[aprssig] NOSaprs update - cross port digi with callsign substitution

Robert Bruninga bruninga at usna.edu
Wed Jun 22 11:28:58 CDT 2005

thanks.  I agree with everyone of your objectives.
In fact I started suggesting a level 4 system
for distributing APRS ui packets as early as 1994,
I am thrilled to see this progress...

But I was just pointing out the pitfalls of some
things in your example that cause problems.  If I 
can further elaborate:

>>> <maiko at pcs.mb.ca> 06/22/05 11:02 AM >>>
>> Until some other routing method is developed the senders
>> intent in his  path  should be honored as long as it is not
>> abusive to the network.
>My understanding is that with the current routing method, 
>the senders path is of no value.

To some maybe, but to the sender, one has no proof of that.
His path is still what the sender chose to transmit and I dont
think anyone wants their personal transmissions to be
modified along the way in such a way that it appears as
though they originated it.  That just violates every principle
of ham radio.  
NOTE: I am not arguing against path modification in any way, 
its  only that the only paths that should be modified are paths 
that the sender KNOWS before hand *are potential for

> It is not able to be used in any way by the recipient 
>in the return message, so in the end it just takes up 
>packet space. Is this correct ?

No, the biggest problem in APRS when WIDEn-N came
into common use was its lack of traceablity and 
reversability.  Now all that is fixed with the New-N
Paradigm which now makes ALL paths traceable
at each hop along the way.

>> I would be very incensed to see my packets sent
>> as WIDE2-2, arriving somehwere else as WIDE3-3
>> beacuse someone thougth that their area wanted
>> to make my packets go farther.
>Is that really a big deal ?

Absolutely.  WIth all the path police out there now,
I would not want everyone seeing a path in my
packets that I was not responsbile for.   Conversly
if someone does come up with a routing method
that does modify the paths along the way, then
it should only work on paths that I, the sender,
submit to that system.  Currently the historical
use of WIDEn-N is not such a path.

>That's like me calling CQ on 3650, but I don't want
>anyone further than Staten Island to come back to me.

No, its like you calling CQ on 3650 and having
someone in  California, Colorado and Alabama
patching it over to their local VHF repeater.
Your name and call would be mud. when you
did not respond and just jammed their repeaters.

>The point is that I can't control the conditions of the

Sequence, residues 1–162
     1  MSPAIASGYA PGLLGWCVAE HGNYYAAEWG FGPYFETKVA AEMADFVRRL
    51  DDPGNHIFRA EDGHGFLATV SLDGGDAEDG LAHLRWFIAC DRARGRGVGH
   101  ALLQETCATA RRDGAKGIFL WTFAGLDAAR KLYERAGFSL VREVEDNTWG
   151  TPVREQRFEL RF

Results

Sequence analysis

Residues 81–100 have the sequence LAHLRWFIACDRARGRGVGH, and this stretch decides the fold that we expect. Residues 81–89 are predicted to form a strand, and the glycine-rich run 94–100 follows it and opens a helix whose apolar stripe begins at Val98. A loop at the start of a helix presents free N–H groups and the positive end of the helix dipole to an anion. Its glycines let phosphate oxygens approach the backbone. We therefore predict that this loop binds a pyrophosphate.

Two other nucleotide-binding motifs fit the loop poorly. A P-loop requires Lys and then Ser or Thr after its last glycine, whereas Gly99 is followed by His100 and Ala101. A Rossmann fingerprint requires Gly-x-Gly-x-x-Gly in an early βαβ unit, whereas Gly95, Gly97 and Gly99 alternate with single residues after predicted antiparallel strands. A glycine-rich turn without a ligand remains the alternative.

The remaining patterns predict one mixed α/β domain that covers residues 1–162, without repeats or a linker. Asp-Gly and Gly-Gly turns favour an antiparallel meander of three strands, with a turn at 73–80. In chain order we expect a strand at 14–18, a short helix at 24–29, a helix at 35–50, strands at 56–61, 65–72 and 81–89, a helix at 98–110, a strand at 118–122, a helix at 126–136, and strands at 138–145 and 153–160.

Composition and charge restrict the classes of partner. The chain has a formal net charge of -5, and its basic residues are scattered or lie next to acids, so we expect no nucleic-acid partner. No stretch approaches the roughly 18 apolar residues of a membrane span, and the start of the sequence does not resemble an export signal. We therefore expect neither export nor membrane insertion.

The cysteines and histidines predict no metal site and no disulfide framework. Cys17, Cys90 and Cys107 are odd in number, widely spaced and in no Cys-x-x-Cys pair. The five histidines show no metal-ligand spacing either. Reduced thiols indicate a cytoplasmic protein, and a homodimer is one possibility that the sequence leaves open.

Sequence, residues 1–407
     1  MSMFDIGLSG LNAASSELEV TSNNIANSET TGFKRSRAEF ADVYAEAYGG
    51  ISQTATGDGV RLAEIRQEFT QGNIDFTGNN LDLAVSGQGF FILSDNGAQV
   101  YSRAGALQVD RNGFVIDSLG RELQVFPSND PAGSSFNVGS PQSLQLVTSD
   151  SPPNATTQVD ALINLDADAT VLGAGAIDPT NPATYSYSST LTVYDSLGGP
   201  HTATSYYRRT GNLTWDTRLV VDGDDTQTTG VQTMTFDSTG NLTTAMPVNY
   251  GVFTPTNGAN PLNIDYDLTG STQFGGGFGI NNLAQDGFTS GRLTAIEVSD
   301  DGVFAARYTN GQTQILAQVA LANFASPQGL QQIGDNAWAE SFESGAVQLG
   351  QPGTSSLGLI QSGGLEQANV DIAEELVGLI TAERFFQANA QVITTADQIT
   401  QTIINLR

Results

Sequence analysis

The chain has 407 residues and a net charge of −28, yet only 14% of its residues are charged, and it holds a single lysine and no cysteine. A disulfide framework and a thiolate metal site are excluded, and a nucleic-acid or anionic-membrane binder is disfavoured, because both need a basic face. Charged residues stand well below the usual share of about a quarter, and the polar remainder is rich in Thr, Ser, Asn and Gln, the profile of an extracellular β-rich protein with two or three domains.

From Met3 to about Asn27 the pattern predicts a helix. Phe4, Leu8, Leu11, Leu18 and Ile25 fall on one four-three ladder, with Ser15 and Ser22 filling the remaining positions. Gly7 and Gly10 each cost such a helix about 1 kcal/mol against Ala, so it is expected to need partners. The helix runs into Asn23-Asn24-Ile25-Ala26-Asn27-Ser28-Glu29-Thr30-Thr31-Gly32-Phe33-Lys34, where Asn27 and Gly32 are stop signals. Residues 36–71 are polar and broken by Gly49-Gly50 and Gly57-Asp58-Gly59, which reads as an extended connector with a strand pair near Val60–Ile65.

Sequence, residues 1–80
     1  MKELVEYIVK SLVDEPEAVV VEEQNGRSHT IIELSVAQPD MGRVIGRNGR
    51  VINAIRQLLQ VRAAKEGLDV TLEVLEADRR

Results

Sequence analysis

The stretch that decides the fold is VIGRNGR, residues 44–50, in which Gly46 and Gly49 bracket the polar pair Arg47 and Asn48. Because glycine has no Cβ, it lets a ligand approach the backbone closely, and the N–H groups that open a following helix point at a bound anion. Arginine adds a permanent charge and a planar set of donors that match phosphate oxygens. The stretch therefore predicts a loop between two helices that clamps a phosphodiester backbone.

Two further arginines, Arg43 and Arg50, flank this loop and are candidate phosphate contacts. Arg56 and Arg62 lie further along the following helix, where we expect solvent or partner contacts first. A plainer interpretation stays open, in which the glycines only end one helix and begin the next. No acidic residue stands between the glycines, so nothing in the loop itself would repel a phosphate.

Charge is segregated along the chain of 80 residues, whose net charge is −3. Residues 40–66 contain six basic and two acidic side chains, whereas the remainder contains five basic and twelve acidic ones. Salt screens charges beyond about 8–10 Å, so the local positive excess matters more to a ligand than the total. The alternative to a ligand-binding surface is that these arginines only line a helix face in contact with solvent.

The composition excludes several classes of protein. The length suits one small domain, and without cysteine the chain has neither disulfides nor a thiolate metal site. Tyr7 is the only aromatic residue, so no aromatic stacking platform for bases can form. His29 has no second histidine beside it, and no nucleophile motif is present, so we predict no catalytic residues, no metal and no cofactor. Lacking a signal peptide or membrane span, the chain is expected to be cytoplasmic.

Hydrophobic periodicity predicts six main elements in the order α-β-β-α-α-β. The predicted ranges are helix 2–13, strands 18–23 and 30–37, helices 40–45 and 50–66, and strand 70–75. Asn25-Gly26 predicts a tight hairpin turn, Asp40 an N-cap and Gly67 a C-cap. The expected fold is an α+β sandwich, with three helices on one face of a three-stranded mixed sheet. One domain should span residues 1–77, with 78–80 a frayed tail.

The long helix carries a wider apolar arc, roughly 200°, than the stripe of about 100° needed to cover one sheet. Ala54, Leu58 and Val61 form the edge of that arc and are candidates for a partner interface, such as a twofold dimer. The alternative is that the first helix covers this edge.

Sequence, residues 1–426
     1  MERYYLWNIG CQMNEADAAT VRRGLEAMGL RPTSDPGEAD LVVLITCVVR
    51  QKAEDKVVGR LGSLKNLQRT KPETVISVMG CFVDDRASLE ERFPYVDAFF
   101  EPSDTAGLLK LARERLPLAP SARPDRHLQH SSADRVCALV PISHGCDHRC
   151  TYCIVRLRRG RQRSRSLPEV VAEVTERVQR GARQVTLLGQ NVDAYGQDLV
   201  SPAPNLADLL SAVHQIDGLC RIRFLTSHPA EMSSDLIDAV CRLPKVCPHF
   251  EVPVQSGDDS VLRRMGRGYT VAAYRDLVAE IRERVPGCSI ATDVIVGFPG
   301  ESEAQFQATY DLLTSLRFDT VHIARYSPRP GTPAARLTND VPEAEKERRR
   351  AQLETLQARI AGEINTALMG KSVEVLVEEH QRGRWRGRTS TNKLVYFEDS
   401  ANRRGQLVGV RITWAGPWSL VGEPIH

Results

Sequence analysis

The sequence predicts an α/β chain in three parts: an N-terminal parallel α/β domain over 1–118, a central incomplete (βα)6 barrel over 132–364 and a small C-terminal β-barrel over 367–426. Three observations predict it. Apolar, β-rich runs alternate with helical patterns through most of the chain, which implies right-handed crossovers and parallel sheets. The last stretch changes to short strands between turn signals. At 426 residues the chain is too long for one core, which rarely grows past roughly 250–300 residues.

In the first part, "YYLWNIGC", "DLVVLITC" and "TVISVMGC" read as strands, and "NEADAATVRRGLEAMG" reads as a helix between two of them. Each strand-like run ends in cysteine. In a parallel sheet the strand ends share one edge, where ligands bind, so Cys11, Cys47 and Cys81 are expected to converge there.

>network, being a mere sender of a message. 

If you chose a path of WIDEn-N (or befor the new-N
Paradigm) of WIDE or RELAY, there were certain
well published expectations of that path.  YOu expect
the system to follow those expectations.  If you come
up with a system for altering peoples paths, then 
simply choose a different generic indication for it.
This way, the SENDER uses your generic indication
that he does want to use this new system and is 
offering his packet u p for whatever your system
wants to do with it.  But it is the sender's choice.

Again, I am not at all discouting your objectives,
only pointing out that the existing generic APRS
paths of WIDE, RELAY, and WIDEn-N should not
be mnodified along the way beyond their published
expectations or the integrity of the system is being

>if you can remember the old days...of BBS forwarding 
>[when] all it took was one sysop to impose his own 
>standards or *restrictions* on what was allowed to 
>forward or not. Things broke very quickly from there. 

Which is exaclty the root of my concerns of the
specific exampl you used that showed a local sysop
modifying someone's packet without his knowledge,
and then sending it on.

You can do that without any objections from me at
all as long as you consider these conepts:

1) The original packet remains intact including
the path (unless it is specifically using a path
that is widely known to be available for modification).

2) The packet be forwarded onward in some kind of
3rd party manner so that there is no question of
what part was the sender's and what part have
been modified by others along the way.

Your example could have been this:
Sender on HF  SENDER>APRS,VHFDX:packet
Here the "VHFDX" I just made up as a generic
PATH indicator indicating that the sender wants
his packet to go as far and wide as it can on 
VHF everywhere and so he is showing that he
is welcoming further modification and distribution
of his path...

Then I would have no objection if some sysop
chose to path that to VHF as the path

Because then the sender has made the choice 
to let your Gate blather his packet everywhere.
Now then it becomse a local issue of your
GATE flooding the local network with unwanted
VHF DX packets, but that is a separate issue.
The sender and your intent are clearly visible
and so others can decide...

So again, not at all picking at your objectives and
intents.  Just wanted to clarify the paticular
pitfalls of your specific example.


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